To test whether the structure function relationship established for the superagonistic mAb JJ316 and the conventional mAbs JJ319 and 37.51 can be generalized, the second superagonist and the remaining six conventional rat CD28-specific mAbs (Fig. 1) were tested for binding to the various mouse/rat hybrid molecules. Only one antibody, 5S38.17, reacted with L929 cells expressing mouse CD28 with the grafted rat C′′D loop but did not bind to the m/r CD28 1–66 molecule. It therefore reproduces the binding characteristics of JJ316 (Table I). The other six mAbs, defined as conventional by function, also displayed the same binding characteristics as the conventional mAb JJ319, including a requirement for the rat-specific valine at position 98. Thus, both superagonistic mAbs recognized the C′′D loop whereas all seven conventional mAbs isolated bind to an epitope near the B7 binding site.
Human CD28-specific Superagonistic mAbs Also Bind to the C′′D Loop.
Because superagonistic CD28 stimulation provides an attractive approach to stimulatory immunotherapy, a set of novel human CD28-specific mAbs was generated and tested for TCR-dependent and -independent induction of proliferation of primary human T cells. Initial screening of 24 CD28-specific mAbs identified two superagonists, 9D7 and 5.11A1, which were purified and functionally tested in parallel with a representative conventional anti-CD28 mAb, 7.3B6. As shown in Fig. 4, the clear-cut functional difference between conventional and superagonistic mAbs described above for rat CD28 was reproduced for the human system. Thus, in the absence of TCR/CD3 ligation, mAbs 9D7 and 5.11A1 induced strong proliferation in freshly isolated human T cells whereas the stimulatory activity of mAb 7.3B6 was strictly dependent on the presence of immobilized anti-CD3 mAb.
Although mouse and rat CD28 share 93% sequence identity in the extracellular part of the molecule, human CD28 is only 65% identical to the mouse sequence. Accordingly, instead of mapping the epitopes for all human CD28-specific mAbs, we directly tested the hypothesis that the C′′D loop identified as the epitope for the superagonistic rat CD28-specific mAb is also the target for the novel human CD28-specific superagonistic mAb. As shown in Fig. 5, this was indeed the case. Thus, grafting of the human C′′D loop to the mouse backbone by mutating 5 aa rendered mouse CD28 fully reactive with the superagonistic mAbs 9D7 and 5.11A1, but not with the conventional mAb 7.3B6.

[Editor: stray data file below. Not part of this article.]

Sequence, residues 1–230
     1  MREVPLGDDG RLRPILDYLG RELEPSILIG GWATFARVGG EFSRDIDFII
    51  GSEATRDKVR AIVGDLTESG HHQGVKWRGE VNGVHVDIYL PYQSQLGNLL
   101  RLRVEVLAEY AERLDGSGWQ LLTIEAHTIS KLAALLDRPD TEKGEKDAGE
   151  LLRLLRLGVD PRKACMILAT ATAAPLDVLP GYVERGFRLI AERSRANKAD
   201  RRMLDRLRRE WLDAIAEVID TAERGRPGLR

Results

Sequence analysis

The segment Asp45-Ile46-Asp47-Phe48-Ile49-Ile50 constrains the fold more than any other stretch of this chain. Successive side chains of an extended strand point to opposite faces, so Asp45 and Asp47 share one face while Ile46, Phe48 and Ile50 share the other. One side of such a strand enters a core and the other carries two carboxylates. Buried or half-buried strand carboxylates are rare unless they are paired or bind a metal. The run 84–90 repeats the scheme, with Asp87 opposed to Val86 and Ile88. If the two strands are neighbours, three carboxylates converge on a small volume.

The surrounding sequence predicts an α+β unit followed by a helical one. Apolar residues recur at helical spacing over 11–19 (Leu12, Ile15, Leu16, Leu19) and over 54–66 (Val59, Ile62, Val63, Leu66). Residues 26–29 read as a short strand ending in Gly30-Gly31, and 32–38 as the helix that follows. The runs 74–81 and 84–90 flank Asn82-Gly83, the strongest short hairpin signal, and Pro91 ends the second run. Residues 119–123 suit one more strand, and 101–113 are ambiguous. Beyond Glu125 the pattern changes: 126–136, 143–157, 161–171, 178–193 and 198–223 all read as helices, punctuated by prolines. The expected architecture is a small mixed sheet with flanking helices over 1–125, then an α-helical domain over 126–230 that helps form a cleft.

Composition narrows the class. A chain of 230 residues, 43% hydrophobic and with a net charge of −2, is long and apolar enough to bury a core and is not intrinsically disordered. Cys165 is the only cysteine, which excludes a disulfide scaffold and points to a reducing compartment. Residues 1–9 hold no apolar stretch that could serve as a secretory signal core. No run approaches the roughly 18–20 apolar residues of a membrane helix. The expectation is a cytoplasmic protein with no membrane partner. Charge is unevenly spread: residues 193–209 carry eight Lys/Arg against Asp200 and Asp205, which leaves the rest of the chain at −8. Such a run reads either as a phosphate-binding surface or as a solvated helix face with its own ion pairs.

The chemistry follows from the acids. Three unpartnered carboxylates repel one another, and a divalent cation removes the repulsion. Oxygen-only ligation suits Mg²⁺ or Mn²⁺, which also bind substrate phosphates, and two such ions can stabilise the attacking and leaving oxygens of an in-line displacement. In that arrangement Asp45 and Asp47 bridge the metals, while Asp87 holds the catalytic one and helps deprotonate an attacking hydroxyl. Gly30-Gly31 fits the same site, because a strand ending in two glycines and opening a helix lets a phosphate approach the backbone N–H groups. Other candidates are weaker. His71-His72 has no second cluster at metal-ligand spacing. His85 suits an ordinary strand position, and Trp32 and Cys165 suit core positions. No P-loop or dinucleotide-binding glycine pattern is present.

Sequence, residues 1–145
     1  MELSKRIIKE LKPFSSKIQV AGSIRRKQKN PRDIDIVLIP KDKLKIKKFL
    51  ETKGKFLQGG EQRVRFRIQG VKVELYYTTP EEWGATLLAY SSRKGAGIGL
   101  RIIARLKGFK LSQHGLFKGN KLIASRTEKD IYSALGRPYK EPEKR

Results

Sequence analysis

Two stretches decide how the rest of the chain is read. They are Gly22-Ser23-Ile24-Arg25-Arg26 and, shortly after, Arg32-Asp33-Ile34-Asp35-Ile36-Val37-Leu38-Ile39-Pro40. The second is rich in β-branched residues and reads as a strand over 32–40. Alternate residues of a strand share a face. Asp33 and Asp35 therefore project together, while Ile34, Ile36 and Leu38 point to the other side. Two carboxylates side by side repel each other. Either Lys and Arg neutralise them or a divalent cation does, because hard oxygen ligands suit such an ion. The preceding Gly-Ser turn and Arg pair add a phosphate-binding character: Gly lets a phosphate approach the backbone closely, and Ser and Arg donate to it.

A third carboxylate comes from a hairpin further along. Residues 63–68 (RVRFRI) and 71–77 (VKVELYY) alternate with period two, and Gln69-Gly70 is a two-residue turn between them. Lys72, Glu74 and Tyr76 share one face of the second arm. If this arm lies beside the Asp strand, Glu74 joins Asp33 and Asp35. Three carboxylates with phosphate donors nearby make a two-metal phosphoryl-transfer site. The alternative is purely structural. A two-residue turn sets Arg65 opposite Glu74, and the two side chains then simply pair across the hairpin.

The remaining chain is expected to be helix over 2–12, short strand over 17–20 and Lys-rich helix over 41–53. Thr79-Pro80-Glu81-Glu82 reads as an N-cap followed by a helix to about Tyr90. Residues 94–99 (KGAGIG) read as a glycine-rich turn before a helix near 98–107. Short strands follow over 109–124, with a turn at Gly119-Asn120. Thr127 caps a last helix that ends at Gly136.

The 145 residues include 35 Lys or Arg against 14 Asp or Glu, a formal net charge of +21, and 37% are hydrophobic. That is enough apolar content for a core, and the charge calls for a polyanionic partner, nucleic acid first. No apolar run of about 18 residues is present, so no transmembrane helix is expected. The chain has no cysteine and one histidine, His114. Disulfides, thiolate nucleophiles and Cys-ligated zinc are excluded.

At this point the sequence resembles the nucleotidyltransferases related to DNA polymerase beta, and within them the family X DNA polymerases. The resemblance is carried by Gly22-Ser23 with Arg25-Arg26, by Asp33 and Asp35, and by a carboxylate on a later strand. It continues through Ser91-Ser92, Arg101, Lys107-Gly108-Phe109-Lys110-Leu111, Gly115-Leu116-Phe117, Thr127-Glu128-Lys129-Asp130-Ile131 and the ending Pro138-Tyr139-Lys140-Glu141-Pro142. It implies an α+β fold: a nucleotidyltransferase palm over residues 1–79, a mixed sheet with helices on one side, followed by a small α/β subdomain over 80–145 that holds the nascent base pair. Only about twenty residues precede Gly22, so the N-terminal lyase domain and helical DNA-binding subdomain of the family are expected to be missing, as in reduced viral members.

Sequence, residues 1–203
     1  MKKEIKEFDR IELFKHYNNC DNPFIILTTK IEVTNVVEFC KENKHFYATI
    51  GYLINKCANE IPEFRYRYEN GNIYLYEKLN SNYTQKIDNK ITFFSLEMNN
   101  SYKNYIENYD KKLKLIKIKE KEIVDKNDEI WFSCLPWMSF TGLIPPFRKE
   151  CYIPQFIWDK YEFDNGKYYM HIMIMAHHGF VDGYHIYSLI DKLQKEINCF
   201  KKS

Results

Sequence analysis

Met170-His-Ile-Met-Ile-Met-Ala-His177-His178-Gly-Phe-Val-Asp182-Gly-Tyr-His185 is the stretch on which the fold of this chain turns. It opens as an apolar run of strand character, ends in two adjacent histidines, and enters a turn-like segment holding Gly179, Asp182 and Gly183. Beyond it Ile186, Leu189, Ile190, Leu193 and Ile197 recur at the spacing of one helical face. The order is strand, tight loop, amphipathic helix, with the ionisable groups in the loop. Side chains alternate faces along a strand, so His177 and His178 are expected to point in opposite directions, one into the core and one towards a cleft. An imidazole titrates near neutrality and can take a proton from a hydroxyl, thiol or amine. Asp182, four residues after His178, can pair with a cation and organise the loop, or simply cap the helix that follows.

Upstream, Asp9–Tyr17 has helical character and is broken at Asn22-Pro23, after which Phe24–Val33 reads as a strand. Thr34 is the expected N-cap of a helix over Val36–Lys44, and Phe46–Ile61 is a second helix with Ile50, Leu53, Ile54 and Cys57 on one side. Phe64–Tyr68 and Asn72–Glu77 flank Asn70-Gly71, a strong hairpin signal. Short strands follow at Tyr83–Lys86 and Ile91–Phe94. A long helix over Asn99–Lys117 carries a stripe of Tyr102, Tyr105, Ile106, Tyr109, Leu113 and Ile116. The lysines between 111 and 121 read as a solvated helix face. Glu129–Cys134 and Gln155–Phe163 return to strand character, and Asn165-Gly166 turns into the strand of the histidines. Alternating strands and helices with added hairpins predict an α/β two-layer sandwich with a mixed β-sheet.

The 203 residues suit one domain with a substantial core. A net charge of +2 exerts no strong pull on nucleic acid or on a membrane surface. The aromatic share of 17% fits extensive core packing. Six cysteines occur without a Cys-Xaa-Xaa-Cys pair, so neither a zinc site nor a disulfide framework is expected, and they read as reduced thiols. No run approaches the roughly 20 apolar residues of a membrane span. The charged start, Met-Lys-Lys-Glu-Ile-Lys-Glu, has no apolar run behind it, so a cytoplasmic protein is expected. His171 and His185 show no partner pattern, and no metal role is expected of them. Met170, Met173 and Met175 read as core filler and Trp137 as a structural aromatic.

mAb Binding to Grafted Rat or Human C′′D Loops Results in Superagonistic Responses.
Next, we wanted to know whether in the heterologous environment of mouse CD28, engagement of the C′′D loop by human or rat CD28-specific mAbs is sufficient to induce a superagonistic response. To this end, mouse CD28 molecules in which the C′′D loop had been changed either to the rat sequence by three or to the human sequence by five aa exchanges were introduced into the mouse T cell hybridoma 58 (21), previously transfected with a rat TCR. As a positive control, a chimeric CD28 protein was expressed in which the whole extracellular part consisted of rat CD28 and the rest of the molecule was mouse CD28.
When these transfectants were stimulated via the TCR, they produced substantial amounts of IL-2 (Fig. 6). Importantly, IL-2 production was also efficiently induced when the cells were exclusively stimulated via CD28 using superagonistic anti-CD28 mAbs in a dose-dependent manner. Ligation of these chimeric CD28 molecules by conventional anti-CD28 (JJ319 for rat CD28, the mouse CD28-specific mAb 37.51 for the C′′D loop grafted molecules) did not induce IL-2 production at any concentration tested. This result clearly shows that targeting mAb binding to the C′′D loop of the mouse CD28 molecule leads to a superagonistic response even in this heterologous setting.
Superagonistic CD28 Signaling Induces NF-κB Activation, but not TCRζ nor ZAP-70 Phosphorylation.
To further explore the mechanism of superagonistic CD28 signaling, purified peripheral human T cells were stimulated by costimulation or using superagonistic or conventional CD28-specific mAbs alone. No increase in phosphorylation of TCRζ and ZAP-70 was seen after superagonistic CD28 stimulation whereas as expected, phosphorylation was readily detectable by conventional costimulation via TCR plus CD28-specific mAbs (Fig. 7 A). This indicates that superagonistic CD28 stimulation does not address the proximal signaling machinery of the TCR. Many genes transcribed during T cell activation, e.g., the IL-2 gene, are regulated by transcription factors of the NF-κB family that are activated in a costimulation-dependent manner (3). After stimulation with superagonistic but not conventional CD28-specific mAbs alone, nuclear translocation of c-Rel (Fig. 7 B) and p50 (not depicted) was detected, as was the case for T cell costimulation via the TCR plus CD28. Therefore, the NF-κB pathway is also activated by superagonistic CD28 stimulation without TCR engagement. These data confirm and extend our previous observations concerning superagonistic CD28 signaling in the rat system (13).
Soon after the first mAbs were raised against leukocyte cell surface molecules it was realized that they could be used to alter the course of immune responses, potentially in a therapeutic setting (30–32). The majority of these antibodies block immune functions or augment them when used in conjunction with other reagents. The much smaller subset of antibodies that activate leukocytes autonomously are defined here as superagonists. Our present findings show that the costimulatory receptor, CD28, can be triggered by superagonists binding to a defined structural element of the homodimer distinct from the CD80/CD86 binding site. The evolutionary conservation of this structure–activity relationship is striking: identification of the superagonistic epitope of rat CD28 permitted an exact prediction of its human counterpart based on its location.